Name: Jenn Greenleaf
Location: Boothbay, ME
Bio: Jenn Greenleaf is a freelance writer hailing from the great state of Maine. She specializes in SEO, content marketing, and ghostwriting.
How long have you been doing freelance work?
More than 5 years.
Tell us about your freelance business, in 100 words or less.
I’ve been in the freelance writing and publishing industry since 1999 with ghostwriting and by-lined pieces as part of my background. I’ve covered a wide variety of topics including art, construction, education, finance, human resources, legal, lifestyle, marketing, medical, real estate, and software. My background also includes experience with article writing, blogging, content writing, ebook writing, SEO, web copy, and white papers.
What do you consider to be your specialty. How does it help you in your business?
I prefer not to be a “specialist” because I love writing about a variety of topics. While many writers like narrowing their writing down to a particular vertical or niche, I like covering topics that cater to a broader audience.
What made you become a freelancer?
I’ve been writing for as long as I can remember. So, becoming a freelance writer felt like a natural career move. Previously, I was working in retail management for music stores, a home decorating store, and a bookstore. Each of those opportunities allowed me to incorporate writing to a small degree, but it wasn’t fulfilling.
What do you love most about freelance work, and why?
I mentioned that I’ve been writing for as long as I can remember–the same has been my reality regarding reading and learning. I used to spend hours in libraries during summer break, as well as surrounding myself with books as often as I could. The reading and learning process carries onward into my career today. I love that part. Researching is a lot of fun for me.
What do you hate about it?
Search engine optimization . . . I can do it and I do it well. However, when a client asks me to use long-tail keywords a dozen times (give or take) and they aren’t grammatically correct in a 500 word blog post, that becomes a challenge.
Tell us about your first paid job. How did you land your first client?
Yes, it was for Suite101.com writing about Graphic Artists. My first piece was about M.C. Escher and it paid $25 for 500 words. They hired me to write a column after that, and then they hired me to continue writing how to complete mixed media art projects. I landed that first assignment by searching google for freelance writing jobs and applying.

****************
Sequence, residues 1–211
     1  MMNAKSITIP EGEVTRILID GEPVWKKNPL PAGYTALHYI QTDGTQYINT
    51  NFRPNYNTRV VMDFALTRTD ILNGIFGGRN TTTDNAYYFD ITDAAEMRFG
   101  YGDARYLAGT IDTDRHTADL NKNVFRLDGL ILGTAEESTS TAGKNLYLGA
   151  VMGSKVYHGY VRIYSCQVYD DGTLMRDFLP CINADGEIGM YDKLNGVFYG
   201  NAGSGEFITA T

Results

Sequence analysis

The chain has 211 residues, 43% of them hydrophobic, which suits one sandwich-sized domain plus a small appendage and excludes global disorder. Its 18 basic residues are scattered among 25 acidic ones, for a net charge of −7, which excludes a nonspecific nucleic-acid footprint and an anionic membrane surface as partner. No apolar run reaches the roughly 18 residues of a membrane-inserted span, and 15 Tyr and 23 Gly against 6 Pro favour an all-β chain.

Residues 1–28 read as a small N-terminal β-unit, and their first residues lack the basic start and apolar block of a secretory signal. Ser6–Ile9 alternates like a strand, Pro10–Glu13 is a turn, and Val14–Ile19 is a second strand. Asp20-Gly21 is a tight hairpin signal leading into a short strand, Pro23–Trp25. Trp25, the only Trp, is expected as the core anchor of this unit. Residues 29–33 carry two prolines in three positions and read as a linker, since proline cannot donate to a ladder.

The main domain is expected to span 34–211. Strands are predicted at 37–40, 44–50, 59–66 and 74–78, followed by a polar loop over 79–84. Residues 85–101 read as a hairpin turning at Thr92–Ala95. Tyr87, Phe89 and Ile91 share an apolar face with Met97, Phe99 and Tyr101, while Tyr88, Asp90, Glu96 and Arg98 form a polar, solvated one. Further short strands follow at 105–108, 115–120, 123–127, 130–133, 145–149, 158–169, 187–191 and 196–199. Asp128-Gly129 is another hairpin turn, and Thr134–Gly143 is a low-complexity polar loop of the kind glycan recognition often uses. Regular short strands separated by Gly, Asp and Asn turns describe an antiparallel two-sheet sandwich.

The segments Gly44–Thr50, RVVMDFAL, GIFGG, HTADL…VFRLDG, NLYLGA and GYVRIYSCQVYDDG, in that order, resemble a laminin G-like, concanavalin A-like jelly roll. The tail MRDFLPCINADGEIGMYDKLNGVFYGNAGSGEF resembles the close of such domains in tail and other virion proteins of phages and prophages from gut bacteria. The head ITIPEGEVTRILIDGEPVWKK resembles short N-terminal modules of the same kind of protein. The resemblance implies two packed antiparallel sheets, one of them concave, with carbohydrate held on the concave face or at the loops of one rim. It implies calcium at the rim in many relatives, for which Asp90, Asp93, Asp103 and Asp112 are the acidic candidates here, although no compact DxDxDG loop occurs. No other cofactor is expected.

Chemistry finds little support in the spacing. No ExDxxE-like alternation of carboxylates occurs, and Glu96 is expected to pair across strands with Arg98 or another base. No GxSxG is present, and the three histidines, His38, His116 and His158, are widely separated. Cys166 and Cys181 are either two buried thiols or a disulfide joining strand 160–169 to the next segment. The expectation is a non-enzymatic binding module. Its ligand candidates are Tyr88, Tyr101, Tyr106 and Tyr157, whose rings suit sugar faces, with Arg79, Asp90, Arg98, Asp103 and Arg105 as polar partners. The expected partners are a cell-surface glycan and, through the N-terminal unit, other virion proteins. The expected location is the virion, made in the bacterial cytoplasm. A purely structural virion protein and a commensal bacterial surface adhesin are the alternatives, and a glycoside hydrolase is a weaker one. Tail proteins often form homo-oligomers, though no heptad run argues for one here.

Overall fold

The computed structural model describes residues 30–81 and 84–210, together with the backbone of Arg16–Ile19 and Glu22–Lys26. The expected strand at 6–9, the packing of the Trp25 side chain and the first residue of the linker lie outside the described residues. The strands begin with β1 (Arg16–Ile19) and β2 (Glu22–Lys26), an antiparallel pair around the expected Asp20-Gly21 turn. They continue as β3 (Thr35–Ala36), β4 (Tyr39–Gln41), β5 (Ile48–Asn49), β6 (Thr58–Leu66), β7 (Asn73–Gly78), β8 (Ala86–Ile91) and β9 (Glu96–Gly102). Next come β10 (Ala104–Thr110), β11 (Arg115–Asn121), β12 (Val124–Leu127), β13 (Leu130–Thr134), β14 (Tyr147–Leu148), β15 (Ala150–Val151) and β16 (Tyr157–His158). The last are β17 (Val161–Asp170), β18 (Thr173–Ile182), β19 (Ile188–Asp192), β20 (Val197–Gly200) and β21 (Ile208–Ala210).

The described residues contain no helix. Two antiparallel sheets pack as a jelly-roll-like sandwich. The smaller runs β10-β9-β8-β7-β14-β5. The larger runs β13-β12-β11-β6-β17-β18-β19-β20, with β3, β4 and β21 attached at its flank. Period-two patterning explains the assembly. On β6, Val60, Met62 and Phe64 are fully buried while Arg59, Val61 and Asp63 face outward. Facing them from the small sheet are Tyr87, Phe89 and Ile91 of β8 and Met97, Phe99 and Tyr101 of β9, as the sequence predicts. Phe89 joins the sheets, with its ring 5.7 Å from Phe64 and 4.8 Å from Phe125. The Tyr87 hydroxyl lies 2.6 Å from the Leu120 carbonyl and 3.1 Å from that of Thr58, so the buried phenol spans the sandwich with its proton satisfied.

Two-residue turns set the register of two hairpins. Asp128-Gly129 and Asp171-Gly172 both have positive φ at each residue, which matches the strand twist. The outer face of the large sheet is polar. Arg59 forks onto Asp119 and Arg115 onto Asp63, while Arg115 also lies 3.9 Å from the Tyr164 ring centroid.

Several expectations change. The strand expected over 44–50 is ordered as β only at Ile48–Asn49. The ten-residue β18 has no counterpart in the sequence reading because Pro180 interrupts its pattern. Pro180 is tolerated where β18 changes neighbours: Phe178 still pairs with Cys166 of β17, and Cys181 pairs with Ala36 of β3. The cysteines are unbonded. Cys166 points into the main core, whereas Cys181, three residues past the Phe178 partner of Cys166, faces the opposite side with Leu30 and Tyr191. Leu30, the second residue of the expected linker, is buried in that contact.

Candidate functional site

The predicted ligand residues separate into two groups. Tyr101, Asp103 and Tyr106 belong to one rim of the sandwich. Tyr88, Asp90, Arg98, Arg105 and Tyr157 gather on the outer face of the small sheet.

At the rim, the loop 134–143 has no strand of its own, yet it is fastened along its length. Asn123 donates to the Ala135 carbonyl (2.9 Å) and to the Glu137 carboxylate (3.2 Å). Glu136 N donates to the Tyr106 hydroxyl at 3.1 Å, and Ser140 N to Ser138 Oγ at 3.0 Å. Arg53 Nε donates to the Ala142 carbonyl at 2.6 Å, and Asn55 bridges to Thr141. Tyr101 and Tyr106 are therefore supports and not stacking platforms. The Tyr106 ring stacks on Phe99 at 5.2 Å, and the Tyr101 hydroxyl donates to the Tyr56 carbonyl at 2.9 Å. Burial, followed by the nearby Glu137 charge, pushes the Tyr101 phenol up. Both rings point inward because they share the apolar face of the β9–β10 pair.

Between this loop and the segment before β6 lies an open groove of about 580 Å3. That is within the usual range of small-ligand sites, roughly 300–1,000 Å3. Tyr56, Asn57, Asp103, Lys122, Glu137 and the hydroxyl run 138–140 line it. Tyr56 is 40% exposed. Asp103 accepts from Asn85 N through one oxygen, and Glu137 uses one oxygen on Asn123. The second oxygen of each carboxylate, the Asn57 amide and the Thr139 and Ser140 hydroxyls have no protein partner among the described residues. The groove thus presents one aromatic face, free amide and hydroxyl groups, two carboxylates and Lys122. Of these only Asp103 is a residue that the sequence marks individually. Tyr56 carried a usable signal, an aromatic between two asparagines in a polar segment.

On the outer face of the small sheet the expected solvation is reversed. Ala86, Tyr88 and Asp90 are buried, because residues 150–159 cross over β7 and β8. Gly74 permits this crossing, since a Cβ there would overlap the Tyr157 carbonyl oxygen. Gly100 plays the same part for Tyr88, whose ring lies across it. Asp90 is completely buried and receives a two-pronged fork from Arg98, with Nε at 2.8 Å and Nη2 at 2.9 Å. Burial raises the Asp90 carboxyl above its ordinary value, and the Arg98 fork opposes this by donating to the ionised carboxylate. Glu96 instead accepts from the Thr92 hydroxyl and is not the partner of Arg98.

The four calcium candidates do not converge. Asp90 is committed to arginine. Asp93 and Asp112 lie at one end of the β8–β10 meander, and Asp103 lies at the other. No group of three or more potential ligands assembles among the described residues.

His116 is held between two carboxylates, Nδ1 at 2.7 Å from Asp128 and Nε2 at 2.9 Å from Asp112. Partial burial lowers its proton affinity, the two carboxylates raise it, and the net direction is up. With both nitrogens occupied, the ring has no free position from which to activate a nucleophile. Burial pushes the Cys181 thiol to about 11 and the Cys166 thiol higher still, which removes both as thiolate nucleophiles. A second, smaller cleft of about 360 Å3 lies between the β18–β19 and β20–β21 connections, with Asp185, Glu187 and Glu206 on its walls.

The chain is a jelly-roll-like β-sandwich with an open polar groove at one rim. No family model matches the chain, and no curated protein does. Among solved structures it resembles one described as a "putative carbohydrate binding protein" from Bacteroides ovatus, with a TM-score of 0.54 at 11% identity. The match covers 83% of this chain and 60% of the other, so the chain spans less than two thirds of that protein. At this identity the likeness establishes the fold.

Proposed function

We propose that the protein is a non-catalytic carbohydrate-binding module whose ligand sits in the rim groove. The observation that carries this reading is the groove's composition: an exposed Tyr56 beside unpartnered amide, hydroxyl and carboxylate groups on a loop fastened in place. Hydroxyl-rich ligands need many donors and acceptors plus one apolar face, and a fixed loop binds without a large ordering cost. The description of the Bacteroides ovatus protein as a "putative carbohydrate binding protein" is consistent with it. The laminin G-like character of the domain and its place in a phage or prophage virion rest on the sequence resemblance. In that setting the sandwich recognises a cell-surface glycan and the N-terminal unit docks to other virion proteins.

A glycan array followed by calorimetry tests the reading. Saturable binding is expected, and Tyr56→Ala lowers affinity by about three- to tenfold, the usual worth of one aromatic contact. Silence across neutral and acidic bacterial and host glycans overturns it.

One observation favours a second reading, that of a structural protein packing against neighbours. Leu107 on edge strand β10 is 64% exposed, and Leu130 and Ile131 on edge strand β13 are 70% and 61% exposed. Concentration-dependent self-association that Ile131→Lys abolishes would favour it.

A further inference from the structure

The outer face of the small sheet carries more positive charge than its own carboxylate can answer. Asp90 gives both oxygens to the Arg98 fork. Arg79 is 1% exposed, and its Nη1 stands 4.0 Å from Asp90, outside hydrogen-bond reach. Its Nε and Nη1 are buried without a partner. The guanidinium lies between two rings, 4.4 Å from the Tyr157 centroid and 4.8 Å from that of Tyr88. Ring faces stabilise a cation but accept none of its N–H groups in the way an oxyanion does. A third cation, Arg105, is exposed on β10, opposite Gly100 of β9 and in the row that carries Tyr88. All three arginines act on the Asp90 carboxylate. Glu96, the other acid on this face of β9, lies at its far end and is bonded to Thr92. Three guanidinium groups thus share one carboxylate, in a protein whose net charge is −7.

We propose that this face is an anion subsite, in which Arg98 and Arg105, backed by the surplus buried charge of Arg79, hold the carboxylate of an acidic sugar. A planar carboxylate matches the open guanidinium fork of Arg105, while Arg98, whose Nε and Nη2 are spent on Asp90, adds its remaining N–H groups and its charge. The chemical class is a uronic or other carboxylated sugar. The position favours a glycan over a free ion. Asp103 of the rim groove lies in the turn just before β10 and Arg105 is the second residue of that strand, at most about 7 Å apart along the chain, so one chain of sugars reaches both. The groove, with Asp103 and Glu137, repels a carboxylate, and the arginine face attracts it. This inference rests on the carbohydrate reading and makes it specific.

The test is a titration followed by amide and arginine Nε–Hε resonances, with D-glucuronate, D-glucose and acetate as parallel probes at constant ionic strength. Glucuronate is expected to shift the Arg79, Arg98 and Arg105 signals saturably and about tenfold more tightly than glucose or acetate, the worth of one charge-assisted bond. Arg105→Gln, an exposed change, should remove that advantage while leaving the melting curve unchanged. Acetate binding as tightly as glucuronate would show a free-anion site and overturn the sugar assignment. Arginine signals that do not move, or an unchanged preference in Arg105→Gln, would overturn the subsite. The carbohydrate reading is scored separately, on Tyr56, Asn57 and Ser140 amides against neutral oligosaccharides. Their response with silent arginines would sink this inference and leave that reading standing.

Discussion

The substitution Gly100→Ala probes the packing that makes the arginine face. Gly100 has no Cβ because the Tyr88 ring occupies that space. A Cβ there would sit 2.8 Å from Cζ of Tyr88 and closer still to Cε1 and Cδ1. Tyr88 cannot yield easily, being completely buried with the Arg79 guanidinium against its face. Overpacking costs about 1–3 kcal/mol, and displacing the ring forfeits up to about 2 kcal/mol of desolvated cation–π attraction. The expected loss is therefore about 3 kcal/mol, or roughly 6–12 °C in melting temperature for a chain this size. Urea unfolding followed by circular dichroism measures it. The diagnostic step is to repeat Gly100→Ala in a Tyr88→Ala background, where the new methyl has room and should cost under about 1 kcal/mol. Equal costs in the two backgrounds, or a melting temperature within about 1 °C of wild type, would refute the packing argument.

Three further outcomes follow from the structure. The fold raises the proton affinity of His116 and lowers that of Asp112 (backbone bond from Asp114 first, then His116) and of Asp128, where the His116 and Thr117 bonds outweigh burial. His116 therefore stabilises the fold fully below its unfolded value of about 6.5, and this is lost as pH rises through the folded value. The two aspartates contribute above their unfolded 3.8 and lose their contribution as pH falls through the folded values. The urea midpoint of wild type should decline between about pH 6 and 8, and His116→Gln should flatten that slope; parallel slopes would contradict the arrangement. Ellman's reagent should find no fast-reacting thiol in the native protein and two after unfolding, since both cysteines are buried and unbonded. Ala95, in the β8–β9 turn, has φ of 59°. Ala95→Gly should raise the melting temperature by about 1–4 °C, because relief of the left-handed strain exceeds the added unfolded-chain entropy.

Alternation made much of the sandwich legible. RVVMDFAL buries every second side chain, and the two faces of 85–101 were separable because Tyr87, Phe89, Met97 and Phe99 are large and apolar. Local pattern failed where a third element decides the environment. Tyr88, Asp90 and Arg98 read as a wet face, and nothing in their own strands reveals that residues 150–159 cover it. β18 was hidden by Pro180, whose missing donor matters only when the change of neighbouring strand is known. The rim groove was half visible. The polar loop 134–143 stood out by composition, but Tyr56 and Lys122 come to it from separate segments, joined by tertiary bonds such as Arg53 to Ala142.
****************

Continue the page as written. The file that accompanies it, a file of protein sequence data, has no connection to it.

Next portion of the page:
Do you think aspiring freelancers should take unpaid work to gain experience? Why or why not?
You’ll find that this is a topic debated throughout the writing industry. I wrote about it here – What Does it Mean When People Say Freelancers Will Write for Free? – because I felt like the topic needed addressing.
Do you feel you’re charging what you’re worth?
For a long time, I wasn’t charging enough. It wasn’t until I started talking to other freelance writers in Facebook and LinkedIn groups that I got a feel for how to adjust rates. I wrote about it in an article titled The Great Rate Debate, because I’d received this question so often.
Describe your process for finding new clients? Where do you look?
I look in MANY places for freelance work and I do it for about one hour at the conclusion of each workday. If I have a stable of consistent work, then I won’t work through this process. But when the workload lightens, here’s what I do:
- Check out Twitter hashtags: #writingjobs, #freelancewritingjobs, #freelancewritingopportunities
- Search LinkedIn jobs: I use the search function to find remote freelance writing jobs, as well as those in my area.
- I belong to several Facebook and LinkedIn groups that post job leads daily.
- I look on websites including Freelancewritinggigs.com, Problogger.com, MediaBistro, Indeed.com, and Glassdoor.com.
- I search google for leads, jobs, and calls for pitches that may not be showing up in social media or on the sites I’m checking.
Have you ever had to ‘fire’ a client? If so, why and how did you do it?
I haven’t had to deal with this situation.
Name 3 tools (apps, equipment) that you can’t live without. What makes them so great?
Grammarly, OneDrive, Buffer
What is your #1 productivity hack?
I start the day early (a lot of people think I’m crazy, but it works for me) with a to-do list, and map my day out in a paper daily planner, as well as a large desk calendar I keep hanging on the wall behind my monitor.
Do you outsource tasks? Why or why not? If so, which ones?
No, I secure enough work to keep myself busy and nothing more.
In your opinion, what is the most important skill required for freelance work, and why?
I think they need more than one. Freelance writers need good communication, time management, and grammar skills.
Do you consider yourself a strong time manager? How do you stay organized?
Yes, time management is critical for running a small business. I stay organized by writing my deadlines into my daily planner early as a “soft” deadline. Then, the actual date they’re due is the “hard” deadline.
Do you also work a 9-5? If so, how do you balance it with your freelance business?
No, I’m a full-time freelance writer.
Where do you do most of your work?
I have a small 12×12 out-building in my backyard.
Do you use a co-working space?
Name an entrepreneur/freelancer/influencer who inspires you. What is it about their story/message that resonates?
I have a couple – Yuwanda Black from Inkwell Editorial, and Carol Tice from Make a Living Writing.
Name 1 thing you would do differently, if you were starting over today?
I would have placed more value on my skills and abilities.
What is your #1 tip for aspiring freelancers?
Don’t doubt yourself!